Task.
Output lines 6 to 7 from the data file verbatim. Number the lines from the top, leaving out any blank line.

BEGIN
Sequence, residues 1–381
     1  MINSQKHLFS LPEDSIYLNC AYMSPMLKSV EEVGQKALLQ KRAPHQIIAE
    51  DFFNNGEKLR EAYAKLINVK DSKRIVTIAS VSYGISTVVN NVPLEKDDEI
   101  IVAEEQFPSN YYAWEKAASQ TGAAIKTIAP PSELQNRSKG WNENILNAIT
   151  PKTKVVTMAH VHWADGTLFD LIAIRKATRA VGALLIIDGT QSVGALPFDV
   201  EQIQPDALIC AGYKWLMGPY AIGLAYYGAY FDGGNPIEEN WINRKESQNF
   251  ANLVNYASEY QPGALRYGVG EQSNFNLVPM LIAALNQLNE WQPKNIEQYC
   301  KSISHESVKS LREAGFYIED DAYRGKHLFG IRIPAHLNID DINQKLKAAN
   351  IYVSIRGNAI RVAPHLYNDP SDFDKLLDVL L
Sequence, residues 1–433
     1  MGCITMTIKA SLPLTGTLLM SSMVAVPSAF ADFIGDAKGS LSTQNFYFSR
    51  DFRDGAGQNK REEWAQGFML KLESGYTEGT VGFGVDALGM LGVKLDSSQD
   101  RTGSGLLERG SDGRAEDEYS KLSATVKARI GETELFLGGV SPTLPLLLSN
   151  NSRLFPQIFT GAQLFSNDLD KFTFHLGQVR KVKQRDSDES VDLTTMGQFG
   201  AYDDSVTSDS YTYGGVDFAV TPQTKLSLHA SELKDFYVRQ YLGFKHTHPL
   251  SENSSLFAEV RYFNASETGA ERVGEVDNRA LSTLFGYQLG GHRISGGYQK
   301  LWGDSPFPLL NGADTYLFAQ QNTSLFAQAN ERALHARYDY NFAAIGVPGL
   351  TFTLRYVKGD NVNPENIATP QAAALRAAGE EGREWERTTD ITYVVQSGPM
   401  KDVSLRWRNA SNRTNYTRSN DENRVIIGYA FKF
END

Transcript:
   201  EQIQPDALIC AGYKWLMGPY AIGLAYYGAY FDGGNPIEEN WINRKESQNF
   251  ANLVNYASEY QPGALRYGVG EQSNFNLVPM LIAALNQLNE WQPKNIEQYC